Welcome to the circle of liberal religious people working to advance justice for women and girls and promote their spiritual growth.
November 2018 Report from our UUWF President Claire Sexton
Fall is off to an interesting start, as news feeds were filled with discussion about Supreme Court nominee Brett Kavanaugh and Dr. Christine Blasey Ford’s testimony in front of the Senate Judiciary Committee regarding sexual assault. And with his confirmation happening anyway.
It is to be noted that this past month marked the publication of an article detailing the sexual assault accusations against Harvey Weinstein and the resurgence / public tipping point of the #metoo movement (begun by Tarana Burke in 2006).
This is also the month, a year ago, that my day job in Waco had to be suddenly uprooted from our gallery home of 40+ years. And a little over one year since the beginning of my time as UUWF Board President. Fall brings changes! Let’s embrace the transitional nature of this season and cast away what is holding us back.
A welcome change in the UUWF is that C. Nancy Reid-McKee is our newest Vice President for Funding Programs, I am so pleased she will bring her wealth of experience to that important role.
We held our fall meeting in Chicago, and that brought about its own challenges with travel, thanks to Hurricane Michael. We have many programs coming! Look for UUWF Communications VP Jess Bors at the LREDA Fall Conference, where she can share where we are and where we are going with many of the religious educators in our faith movement.
We Trust Women
By Rev. Marti Keller
The release by our sister justice group, Catholics for Choice, of a thoughtful new short film Trust Women was not intended to be timed with the height of the tumultuous, and ultimately wrenching, Senate hearing on the confirmation of Brett Kavanaugh as an associate justice on the U.S. Supreme Court.
Or the fact that the #MeToo movement had its start a year ago as well.
They had chosen September 30th because this date marked 42 years since the disastrous Hyde Amendment was passed, which bans federal funding for abortion unless the pregnancy is a result of rape or incest, or to save the life of the woman. It was not written as a permanent law, but rather as a measure attached to annual appropriations bills and passed—without exception—since l976.
Without the ability to pay for abortion services, low income women have faced undue hardship and loss of choice.
The underlying message in the Hyde Amendment is that, for American women, decision-making about child-bearing – when and if – lies outside our own moral authority. We have been forced to outsource our consciences, our own collection of values, to the government and the lobbying of powerful religious groups who have selected under which narrow circumstances we may have abortions.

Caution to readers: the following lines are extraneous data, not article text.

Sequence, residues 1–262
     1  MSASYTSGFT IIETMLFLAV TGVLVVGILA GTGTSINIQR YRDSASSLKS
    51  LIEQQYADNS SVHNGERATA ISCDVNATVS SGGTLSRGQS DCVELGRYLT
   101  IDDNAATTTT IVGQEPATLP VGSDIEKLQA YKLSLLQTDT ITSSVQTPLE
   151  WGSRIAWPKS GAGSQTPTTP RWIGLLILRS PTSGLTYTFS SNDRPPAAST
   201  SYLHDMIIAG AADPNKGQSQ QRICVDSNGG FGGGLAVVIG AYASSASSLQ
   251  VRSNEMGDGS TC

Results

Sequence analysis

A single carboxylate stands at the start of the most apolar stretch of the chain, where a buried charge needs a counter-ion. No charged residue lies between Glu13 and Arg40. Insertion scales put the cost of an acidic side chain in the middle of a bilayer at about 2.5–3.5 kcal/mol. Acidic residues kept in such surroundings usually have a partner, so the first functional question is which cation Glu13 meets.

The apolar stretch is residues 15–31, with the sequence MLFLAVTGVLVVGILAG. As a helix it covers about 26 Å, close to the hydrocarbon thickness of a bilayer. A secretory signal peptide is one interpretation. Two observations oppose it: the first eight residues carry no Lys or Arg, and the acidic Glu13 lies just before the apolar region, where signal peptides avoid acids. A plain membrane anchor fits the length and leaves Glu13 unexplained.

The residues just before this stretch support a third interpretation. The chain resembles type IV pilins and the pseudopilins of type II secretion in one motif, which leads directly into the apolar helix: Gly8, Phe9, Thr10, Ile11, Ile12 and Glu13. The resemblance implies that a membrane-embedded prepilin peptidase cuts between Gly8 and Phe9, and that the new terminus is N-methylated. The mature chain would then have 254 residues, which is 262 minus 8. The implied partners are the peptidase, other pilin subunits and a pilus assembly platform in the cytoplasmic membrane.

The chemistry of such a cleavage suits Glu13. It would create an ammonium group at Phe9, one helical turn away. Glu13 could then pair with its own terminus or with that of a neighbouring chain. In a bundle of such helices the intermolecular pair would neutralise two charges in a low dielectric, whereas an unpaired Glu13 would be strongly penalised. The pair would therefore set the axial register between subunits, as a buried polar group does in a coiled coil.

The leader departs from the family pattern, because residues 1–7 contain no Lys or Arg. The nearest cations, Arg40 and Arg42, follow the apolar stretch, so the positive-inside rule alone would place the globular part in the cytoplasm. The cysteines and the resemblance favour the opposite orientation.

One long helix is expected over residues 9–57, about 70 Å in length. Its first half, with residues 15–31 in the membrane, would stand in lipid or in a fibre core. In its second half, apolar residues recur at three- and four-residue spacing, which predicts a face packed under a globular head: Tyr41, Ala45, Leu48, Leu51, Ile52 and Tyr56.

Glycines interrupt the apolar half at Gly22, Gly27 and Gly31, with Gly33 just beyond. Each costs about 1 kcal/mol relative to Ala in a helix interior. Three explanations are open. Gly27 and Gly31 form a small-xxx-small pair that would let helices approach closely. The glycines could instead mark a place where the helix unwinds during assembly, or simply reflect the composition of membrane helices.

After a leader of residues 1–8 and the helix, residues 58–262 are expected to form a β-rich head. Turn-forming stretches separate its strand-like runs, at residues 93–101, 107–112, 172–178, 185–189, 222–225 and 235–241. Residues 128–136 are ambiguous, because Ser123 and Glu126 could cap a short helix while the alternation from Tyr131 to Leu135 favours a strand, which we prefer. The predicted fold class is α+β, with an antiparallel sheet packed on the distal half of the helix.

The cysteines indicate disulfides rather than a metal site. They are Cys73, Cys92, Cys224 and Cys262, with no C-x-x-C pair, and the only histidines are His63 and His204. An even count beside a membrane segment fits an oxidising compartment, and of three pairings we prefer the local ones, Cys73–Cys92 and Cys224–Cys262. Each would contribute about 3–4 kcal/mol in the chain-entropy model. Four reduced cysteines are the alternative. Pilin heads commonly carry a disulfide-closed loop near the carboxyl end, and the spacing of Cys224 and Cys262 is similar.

Jon O’Brian, president of Catholics for Choice, lifted up the parallel between the profound distrust of women in making their own choices and disbelieving women about sexual assault and harassment:
“This … Supreme Court nomination process further illustrates that women’s voices and autonomy are still not valued… We stand in solidarity with the millions of women deprived of their ability to make conscience-based reproductive decisions best for them. We have and always will trust women.”
Trust Women features a roundtable of doctors, theologians, and reproductive choice activists in respectful dialogue about trust and moral decision making. It was designed as an educational tool for advocates, students, medical providers, policymakers, and others to “fortify their ability to defend a pro-choice position from a place of authority and moral clarity,” including the well-argued position that abortion can be a moral good.
While it is primarily a conversation among and for Christians, both Catholics and Protestants, its intellectual rigor and universal compassion will hold interest for all Unitarian Universalists who wish to engage in a theologically and ethically grounded way in the current conversations about, and movement for, stopping the silencing and controlling of women.
The New Prophetic Sisterhood initiative (NPS)
The New Prophetic Sisterhood is a network of UU woman-identified religious professionals who covenant to affirm and promote equity and justice for women and girls and to lift up diverse feminisms. As individuals and as a body we use our voices in our congregations and communities to create more awareness of and prophetic public witness around issues that impact women and girls.
If you are a Unitarian Universalist woman-identified religious professional and are interested in being part of the NPS, please join us.
Looking for a Way to Honor Women?
UUWF’s Clara Barton Sisterhood is a great way to honor women aged 80 or more for their often unsung contributions to your religious community.
Enrolled in 2018
Brooklyn, NY — Constance Newsom, here with Rev Ana Levy Lyons, honored by the Women’s Leadership Alliance at First Unitarian Church